to relocate to a smaller house or a lower-cost-of-living

So many states have mechanisms to defer property taxes
to some extent, and Federal and most state tax laws allow
deferral of capital gains on sale of a principal residence
to some extent.

Why not keep it simple: allow deferral of property taxes
and capital gains on principal residence until death.
The first is a matter of state law though the Federal
government could facilitate matters by paying deferred
property taxes for principal residences to the states
and collecting at death.     Under one-flat-tax, capital
gains is strictly a Federal matter, that could be deferred
until death.

The deferred property tax and capital gain are a debt
to the Federal government which becomes due at death
of the owner(s) or a year after sale if no replacement
principal residence is purchased - if a replacement
principal residence is purchased, the debt rolls over to
the replacement principal residence.

Principal residences only, excluding any part of the
property used for commercial purposes, and only one
principal residence at a time.  Divorce settlements would
have to specify how the debt is divided.

At death, after the deferred property tax and capital
gain tax are paid, the basis of the property steps up to
its current market value and the principal residence is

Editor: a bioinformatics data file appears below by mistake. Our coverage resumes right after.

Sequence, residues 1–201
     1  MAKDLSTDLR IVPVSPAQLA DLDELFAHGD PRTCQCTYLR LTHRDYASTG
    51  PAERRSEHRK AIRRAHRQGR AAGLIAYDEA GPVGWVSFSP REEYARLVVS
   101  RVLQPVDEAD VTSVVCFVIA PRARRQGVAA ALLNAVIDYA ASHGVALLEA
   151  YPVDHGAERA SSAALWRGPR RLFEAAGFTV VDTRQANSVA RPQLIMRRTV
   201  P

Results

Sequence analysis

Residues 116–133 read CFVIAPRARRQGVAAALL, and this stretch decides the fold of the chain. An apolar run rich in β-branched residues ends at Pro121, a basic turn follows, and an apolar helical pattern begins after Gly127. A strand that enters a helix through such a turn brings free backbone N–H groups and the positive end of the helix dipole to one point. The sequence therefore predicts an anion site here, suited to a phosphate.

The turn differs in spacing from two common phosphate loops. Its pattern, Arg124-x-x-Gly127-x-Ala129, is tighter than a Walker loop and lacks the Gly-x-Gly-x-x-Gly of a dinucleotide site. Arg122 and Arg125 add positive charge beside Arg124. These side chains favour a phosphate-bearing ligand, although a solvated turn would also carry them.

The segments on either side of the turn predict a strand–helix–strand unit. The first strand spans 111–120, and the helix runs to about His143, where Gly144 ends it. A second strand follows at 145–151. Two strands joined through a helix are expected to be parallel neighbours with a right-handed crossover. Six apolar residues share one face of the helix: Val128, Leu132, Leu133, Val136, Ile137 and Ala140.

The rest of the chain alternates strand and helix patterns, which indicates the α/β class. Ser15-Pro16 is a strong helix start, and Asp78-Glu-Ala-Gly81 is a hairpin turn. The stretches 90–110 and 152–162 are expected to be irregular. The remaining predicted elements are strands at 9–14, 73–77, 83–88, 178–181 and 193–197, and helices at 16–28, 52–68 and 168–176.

excluded from estate tax.

Altogether that seems to be an adequate incentive for
home ownership.  Dollar limits could be placed on any of
these benefits, but simpler is usually better.


negative 0
posted 2017-12-01
rate 0
title Taxation of Principal Residences
topic tax
words 382
ID 544385532572637
URL https://www.facebook.com/politicalscrapbooknet/posts/544385532572637
impress 12
likeuimpress 12
likeuusers 4
oimpress 12
oreach 4
posted "12/01/2017 09:37:27 PM"
reach 4
type Status


If the Republican tax bill gets signed into law, express
your thanks!    Even in advance!

It is looking more likely that the Republicans will find
the price of 50 votes to pass a tax reform bill in the
Senate, and then it is highly likely that some compromise
will pass both houses and be signed by Trump.


If your Representative or Senators vote for it, you
should take the opportunity to congratulate them; if
they've already promised to vote for whatever comes out
of conference, you can even congratulate them in advance:

Well done, good and faithful servants, enter into the joy
of your donors!

W-2 workers, retirees, students, unemployed, disabled
join together today in praise of the Republican tax bill.
We're proud to be able to stand up on our own two feet
so that hard-working billionaire donors can relax.